Formed by a group of friends with varying talents, Urban Species aimed to nourish a desire for a brand that accurately portrayed their lifestyle. Aside from stocking independent brands from all over the world, Urban Species is the official licensee of Marvel. This fusing of fashion and comics is something that founder Hash Hirji reveals is a desire of all the â€œcoolâ€ people. This fusion adds a unique vibe demonstrating what Urban Species truly represents.
â€œComic books are the secret drug for so many uber cool people I know with great jobs, so I thought; Why keep it a secret? If they could wear something that is fashionable and features characters they hold close to their heart, letâ€™s give it to them.â€
Format: Please introduce yourself to our readers and describe your role at Urban Species.
Hash Hirji: My name is Hash Hirji and I am a founder/director of Urban Species. I head all creative for the company and am the company spokesman.
Format: How was Urban Species formed? Give us a brief history.
Hash Hirji: Urban Species is a family founded company. Within our social groups of designers, musicians and artists we felt that far too much of our mainstream culture was drip fed from the U.S., and in effect not giving any representation of how we felt as people in society. London is an amazing cultural melting pot and we wanted to make a company that reflects this and represents the views, tastes, and feelings of the coolest people that we know, work with, and meet on a daily basis.
Format: Who makes up the Urban Species team?
Hash Hirji: All you need to know about Sarah and I is that I am the good cop and she is the bad one. We also have a heavy named Liam for where ever we go, a gimp named Nate, a mysterious ambience filler which goes by the name of â€œDumuc,â€ and a scary gangsta who goes by the name Wendoza. We also have an endless array of freelancers, but if I told you their names I would have to kill you.
Format: How did you come up with the brand name?
Hash Hirji: My father suggested that I develop a line of t-shirts as a new brand that he could use and sell. He used to have two main companies by the name of Urban Attitude and Urban Clothing, owning both names since 1988. Everyone was pleased with the designs and we were trying to think of a name for the line that fit with his â€˜Urbanâ€™ brand. We called up my Mum, who was running another clothing company with her ex at the time, and she thought up Urban Species. We felt comfortable with it from the start, so we rolled with it.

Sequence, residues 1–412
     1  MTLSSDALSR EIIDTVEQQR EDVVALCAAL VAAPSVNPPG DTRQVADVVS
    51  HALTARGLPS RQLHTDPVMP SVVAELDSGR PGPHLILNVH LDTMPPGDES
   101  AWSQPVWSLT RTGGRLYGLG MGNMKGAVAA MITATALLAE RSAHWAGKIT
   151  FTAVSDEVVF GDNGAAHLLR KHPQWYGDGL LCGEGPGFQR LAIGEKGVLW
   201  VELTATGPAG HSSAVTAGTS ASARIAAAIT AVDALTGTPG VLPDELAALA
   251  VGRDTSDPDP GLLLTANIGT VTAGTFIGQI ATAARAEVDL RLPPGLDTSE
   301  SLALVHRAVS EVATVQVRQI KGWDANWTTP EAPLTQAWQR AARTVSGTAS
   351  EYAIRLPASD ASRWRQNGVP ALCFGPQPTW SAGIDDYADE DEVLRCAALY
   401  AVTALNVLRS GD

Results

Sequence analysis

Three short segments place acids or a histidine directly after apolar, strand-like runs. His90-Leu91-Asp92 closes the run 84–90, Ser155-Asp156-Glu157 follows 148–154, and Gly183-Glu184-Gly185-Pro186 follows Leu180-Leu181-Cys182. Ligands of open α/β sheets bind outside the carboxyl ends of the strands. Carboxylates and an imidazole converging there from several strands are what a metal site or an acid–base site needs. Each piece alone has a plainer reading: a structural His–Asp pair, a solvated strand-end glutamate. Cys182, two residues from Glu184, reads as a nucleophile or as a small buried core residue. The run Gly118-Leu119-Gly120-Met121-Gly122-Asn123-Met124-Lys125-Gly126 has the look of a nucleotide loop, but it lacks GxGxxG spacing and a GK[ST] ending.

Format: You focus on maintaining a certain uniqueness and exclusivity to your brand. How do you manage to stay so exclusive with so many other urban brands in the market today?
Hash Hirji: We developed very complex and unique printing methods with both clothing and art. Itâ€™s all about staying on top of pop culture, and knowing whatâ€™s going on. If that means occasionally watching trash like Desperate Housewives, Iâ€™ll do it. No matter what project we embark on, we make sure we have passion and that there is a story for us to move the product forward. We will attach it with unique viral/TV/media marketing promotions that give the fans some sort of community vibe. At the end of the day, itâ€™s all about the fans who want cool stuff, and in a day and age when they can make the stuff themselves, you have to give them a full multimedia experience that they feel has been made just for them.
Format: Tell us about your collaboration with Bomb the Bass.
Hash Hirji: We did an interview with Tim for our website, and I geeked out and just had to go along. Turned out that we got along really well and he has a great affinity for Spider-Man just like me. I approached him to create a t-shirt line, he investigated what we were about, and it was a total natural fit. I mean, he used the Watchmen smiley on the cover of Beat Dis and generally has a very strong range of pop culture referencing throughout his entire career.